CS 194 Project 3

Face Morphing

Morphing Faces into Each Other

Imposing Structure on Our Images with Keypoints

It turns out that human faces, unlike most things share a common structure across our population. As a result, this makes it relatively easy to morph faces into each other using warps. By applying some clever forms of linear algebra, we can not only morph the color of our faces, but we can also morph the structure of our faces. To do this, we need to encode basic structure about our images in the form of facial keypoints . These are corresponding points between two faces that are used to identify the facial features of the two people, for example the top of the lip, or the top most point on the left eyebrow. An example of a set of 46 keypoints can be found below:
As such, for this project, we wrote code to capture some number of keypoints and save them as ".npy" files.

Computing the Midway Face

In order to compute the midway face, we can take advatnage of both the gemetric structure defined by our keypoints and the pixel colors in our image. To do this, we compute a triangulation on top of our keypoints called the "Delaunay Triangulation". This is a special triangulation that is related to Vornoi Diagrams and can be easily constructed given a set of keypoints. We first average our keypoint positions on both faces and compute the triangulation on this new average keypoint set. This will ensure that the triangulation will be non-degenerate and well-posed for both images. We can see what an example Delaunay Triangulation looks like here:
We now have triangles which we can use in our average image. For each triangle, we compute the set of pixels inside that triangle. We then compute the inverse affine transformation from the average triangle to the corresponding triangle on each face. For each point in a given triangle, we apply this transformation to find its corresponding pixel in each image. If the pixel is not a perfect integer, we simply average its surrounding pixels to determine its color. From here, we take a weighted average between the start and end image to determine the final color of the pixel. Here we see George Cloony and the Author of this Article and their mid-way face.

Morphing Faces into Each Other

In the last section we discussed computing the average face. However, we can also interpolate between faces continuously! To see this, we need only modify the algorithm used in the last section. We did two things:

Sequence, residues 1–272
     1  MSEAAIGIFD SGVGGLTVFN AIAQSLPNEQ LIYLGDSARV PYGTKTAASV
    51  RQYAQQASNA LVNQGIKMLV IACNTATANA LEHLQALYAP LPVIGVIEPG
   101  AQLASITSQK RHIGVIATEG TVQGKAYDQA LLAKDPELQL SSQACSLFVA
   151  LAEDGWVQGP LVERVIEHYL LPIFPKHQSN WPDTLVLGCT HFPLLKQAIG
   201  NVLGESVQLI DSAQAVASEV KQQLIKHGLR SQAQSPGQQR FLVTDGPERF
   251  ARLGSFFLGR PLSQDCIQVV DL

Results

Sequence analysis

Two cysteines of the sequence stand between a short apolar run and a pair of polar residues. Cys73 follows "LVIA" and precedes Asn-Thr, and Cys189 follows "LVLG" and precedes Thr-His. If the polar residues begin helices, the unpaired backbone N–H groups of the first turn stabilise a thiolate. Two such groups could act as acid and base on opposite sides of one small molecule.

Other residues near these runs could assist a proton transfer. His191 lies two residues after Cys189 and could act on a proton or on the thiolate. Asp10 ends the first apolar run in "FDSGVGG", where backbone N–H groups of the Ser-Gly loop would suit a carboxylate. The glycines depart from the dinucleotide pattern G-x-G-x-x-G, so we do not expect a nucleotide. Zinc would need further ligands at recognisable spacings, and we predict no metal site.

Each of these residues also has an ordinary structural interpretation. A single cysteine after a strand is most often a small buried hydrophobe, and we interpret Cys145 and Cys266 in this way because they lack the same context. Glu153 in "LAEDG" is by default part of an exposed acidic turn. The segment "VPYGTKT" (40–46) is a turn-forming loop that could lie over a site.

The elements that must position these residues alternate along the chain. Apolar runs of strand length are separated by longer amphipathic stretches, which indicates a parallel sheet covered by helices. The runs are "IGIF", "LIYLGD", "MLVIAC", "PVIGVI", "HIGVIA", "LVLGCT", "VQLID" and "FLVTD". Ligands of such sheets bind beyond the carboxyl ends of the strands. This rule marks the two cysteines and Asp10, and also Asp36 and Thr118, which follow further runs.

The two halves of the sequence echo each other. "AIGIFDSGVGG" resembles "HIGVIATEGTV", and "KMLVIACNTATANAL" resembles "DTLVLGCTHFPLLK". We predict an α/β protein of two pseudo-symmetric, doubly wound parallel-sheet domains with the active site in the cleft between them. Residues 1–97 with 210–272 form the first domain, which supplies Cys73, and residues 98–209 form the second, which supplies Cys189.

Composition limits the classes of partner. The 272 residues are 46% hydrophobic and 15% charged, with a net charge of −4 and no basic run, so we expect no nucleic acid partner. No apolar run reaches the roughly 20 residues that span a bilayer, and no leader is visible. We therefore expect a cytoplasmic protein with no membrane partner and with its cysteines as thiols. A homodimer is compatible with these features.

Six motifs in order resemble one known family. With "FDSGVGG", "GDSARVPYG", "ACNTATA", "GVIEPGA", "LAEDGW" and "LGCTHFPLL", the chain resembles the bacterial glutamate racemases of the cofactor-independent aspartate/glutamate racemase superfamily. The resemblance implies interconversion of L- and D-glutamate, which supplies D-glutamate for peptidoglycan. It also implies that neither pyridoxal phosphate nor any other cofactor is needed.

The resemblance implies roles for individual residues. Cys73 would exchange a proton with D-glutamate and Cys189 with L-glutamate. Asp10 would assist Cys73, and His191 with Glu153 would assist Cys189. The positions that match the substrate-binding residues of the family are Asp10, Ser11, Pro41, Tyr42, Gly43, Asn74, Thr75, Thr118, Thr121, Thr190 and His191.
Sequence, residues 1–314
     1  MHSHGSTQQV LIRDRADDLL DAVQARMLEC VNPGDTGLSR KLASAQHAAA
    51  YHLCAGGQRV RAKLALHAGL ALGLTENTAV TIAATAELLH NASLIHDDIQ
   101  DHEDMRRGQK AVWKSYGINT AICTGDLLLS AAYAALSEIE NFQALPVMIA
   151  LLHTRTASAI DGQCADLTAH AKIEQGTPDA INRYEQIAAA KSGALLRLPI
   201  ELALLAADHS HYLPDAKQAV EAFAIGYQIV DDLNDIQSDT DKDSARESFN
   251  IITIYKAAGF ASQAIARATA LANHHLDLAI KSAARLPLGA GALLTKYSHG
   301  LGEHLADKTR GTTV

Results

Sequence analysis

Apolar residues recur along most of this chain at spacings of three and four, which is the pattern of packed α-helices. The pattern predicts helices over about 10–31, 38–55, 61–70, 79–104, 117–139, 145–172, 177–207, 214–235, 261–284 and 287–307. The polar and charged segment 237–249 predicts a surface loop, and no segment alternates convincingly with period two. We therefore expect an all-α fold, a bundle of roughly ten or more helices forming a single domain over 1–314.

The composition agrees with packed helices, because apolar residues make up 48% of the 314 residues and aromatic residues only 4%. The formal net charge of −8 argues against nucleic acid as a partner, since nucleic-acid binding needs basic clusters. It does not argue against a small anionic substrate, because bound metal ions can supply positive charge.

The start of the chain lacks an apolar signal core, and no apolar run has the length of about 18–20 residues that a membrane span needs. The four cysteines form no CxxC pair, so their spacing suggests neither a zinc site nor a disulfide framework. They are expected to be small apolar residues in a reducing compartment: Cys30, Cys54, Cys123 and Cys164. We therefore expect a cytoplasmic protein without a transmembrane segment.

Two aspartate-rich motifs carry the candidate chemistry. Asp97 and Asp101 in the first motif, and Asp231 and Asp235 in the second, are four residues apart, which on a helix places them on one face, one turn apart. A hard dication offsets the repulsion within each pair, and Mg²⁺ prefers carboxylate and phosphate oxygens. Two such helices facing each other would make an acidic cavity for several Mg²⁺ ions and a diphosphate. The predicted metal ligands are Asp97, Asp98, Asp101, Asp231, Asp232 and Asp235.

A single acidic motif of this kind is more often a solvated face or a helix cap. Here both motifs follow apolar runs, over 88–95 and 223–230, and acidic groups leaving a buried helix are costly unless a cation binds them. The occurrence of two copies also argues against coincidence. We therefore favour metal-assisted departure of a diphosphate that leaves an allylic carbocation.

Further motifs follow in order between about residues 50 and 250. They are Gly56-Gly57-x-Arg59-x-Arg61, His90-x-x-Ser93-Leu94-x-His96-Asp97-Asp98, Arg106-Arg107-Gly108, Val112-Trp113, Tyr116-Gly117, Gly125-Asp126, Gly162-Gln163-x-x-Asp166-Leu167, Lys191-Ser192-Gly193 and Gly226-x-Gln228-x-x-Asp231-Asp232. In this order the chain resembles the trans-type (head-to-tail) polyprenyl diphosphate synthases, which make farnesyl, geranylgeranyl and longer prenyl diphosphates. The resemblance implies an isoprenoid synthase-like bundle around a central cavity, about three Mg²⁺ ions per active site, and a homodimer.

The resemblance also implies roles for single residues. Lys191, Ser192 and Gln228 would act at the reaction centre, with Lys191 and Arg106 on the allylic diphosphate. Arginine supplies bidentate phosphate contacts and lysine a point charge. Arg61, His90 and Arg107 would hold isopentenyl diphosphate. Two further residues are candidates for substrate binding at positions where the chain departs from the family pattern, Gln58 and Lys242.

1. We found the average shape by computing the average keypoint. Instead, we can linearly interpolate between the two keypoints by using a convex combination of the keypoints!
  2. We found the color of the pixels by computing an average between the corresponding pixels in one image vs the other. We can similarly do an interpolated average by doing a convex combination of the two pixel values!
Essentially, we interpolate between shape and color separately, having one parameter as to how much of one face's shape we want, and another determining how much of one's color we want. Doing this over and over, we end up with the following video:
Here is another video that the author did with his classmates (Bells and Whistles)!

The Average Face of a Population

We now move on to applying this type of averaging / morphint to multiple images. In fact, we can do such a thing with an entire population! We used this database in order to compute the average smiling and average serious/frowning faces. Some example images from this dataset are:
Similar to the mid-way face computation from the previous section, we can weight each image in this set equally and compute the "average" face over this entire population. We simply need to set each person's shape and color weight to be equal across the population. Doing so yields the following results for both the smiling and serious faces.
What is amazing, is that the face is perfectly symmetrical and gender neutral, yet the smile and frown features are distinctly present in their respective images. Here are some image morphs of these images into the final dataset.
Finally, we can go back and look at a completely different image, and understand how it gets mapped into this dataset. In this case, we will use the author's image. Below is the author's image, the author's image with the average face's geometry, and the average face with the author's geometry. In this case, since the author is serious/frowning, we say the population is the frowning face.

Caricatures and Feature Transformations


Finally, we can use our technique that we have developed to do caricatures and feature transformations. Caricatures are just natural extentions of what makes us not average. Thus if we extrapolate the average face through an existing face, we should be able to determine what extrapolations make the face unique. We produce a caricature of the author's face below:

Feature Transformations (Bells and Whistles)

Lastly, we can interpolate between an average "smiling" population and the author's face in order to get the author to smile! In this case, we want to keep the geometry of the average face, but the color of the author, so we don't interpolate on color, just on the geometry. Doing so yields: